The ramifications of this are that, with the right econometric spellcasting, policy makers can reassure themselves of whatever worldview or narrative they want to hold to. Jump in at 24 minutes on the following podcast to see this idea fleshed out more.
We can only speculate about the exact long-term ramification of mystical thinking when dealing with our economy, but if history has taught us anything, big, long-term pervasive lies that society relies on to exist will eventually turn on its master and consume it. It is at this point that I must admit that this mysticism is farspread on both sides of the political spectrum where it is now “normal” to judge the success of our politicians/central banks/policy makers by the impact that they have on oversimplified measures such as GDP or stock market performance on a per annum or even per month/week/day basis.
The notion that a person with the right idea/charisma/intentions/knowledge has the ability to easily, and in a pain-free manner, turn the economic tides in such a short period of time is often nothing short of mystic thinking when the reality is that long-term economic growth is most likely tied to deeper, more pervasive variables such as culture, luck, the natural business cycle and even short term sacrifice – the short-term sacrifice that ends in pain, and often social outcry and ultimately the replacing of the current political party with a populist who ousts the old mystic lies with new mystic lies.
How often are parties voted in on the simple basis that they promise to spend more than the last guys? Whether it be on health, education, infrastructure, the reality is that our governments are as addicted to debt as we are and the relationship seems to become one of competing girlfriends where the one who often “wins” is the one who promises to rack up the largest credit card purchases while at the same time reducing the credit card debt. This type of thinking can only be described as mystic double-think.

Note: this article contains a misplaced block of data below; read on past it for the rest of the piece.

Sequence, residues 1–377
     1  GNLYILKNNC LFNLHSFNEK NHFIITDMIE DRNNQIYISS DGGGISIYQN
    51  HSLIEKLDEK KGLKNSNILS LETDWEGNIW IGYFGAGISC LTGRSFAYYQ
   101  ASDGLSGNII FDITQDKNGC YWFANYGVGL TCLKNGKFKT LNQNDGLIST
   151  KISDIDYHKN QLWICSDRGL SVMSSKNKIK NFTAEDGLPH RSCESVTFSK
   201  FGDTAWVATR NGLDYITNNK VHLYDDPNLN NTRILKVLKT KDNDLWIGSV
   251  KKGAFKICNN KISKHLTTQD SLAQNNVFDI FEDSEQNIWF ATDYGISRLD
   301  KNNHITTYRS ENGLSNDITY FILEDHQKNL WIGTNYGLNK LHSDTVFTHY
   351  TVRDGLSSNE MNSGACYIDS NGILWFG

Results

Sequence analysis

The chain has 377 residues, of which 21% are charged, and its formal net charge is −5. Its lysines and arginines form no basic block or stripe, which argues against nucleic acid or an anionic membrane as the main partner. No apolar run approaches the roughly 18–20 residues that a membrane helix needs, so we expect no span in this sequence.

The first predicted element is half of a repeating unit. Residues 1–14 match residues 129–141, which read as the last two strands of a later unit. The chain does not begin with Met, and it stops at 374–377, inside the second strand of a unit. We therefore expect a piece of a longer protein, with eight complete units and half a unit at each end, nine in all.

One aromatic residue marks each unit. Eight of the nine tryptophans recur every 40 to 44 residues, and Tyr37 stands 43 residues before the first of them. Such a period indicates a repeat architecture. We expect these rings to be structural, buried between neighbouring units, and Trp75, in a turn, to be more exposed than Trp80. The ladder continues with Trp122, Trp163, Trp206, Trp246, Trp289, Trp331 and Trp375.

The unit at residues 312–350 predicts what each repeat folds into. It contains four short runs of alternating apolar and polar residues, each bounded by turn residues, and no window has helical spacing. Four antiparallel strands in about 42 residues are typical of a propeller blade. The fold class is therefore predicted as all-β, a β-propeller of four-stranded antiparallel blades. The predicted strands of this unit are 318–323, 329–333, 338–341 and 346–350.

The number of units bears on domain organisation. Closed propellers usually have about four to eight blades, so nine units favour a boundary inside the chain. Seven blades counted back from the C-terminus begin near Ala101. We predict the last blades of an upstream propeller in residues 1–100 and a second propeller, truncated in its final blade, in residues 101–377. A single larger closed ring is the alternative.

Now, I have to admit that a nation’s income does hold a degree of robustness and complexity over an individual’s; however, the spending habits are still based not on what the government earns, but on what they think they might earn in the future. While the promotions and the pay increases keep rolling in, it isn’t a problem. However, when the promotions stop coming, our society hits a threshold either due to overseas competition increasing or demand for domestic goods decreases; forces outside of government control interrupt this flow of “in the future we will be able to service this debt”, after which governments are left with few options; namely quantative easing, which is by far the most popular as it destroys the currency and tax the savers, or the far less popular routes of austerity and default.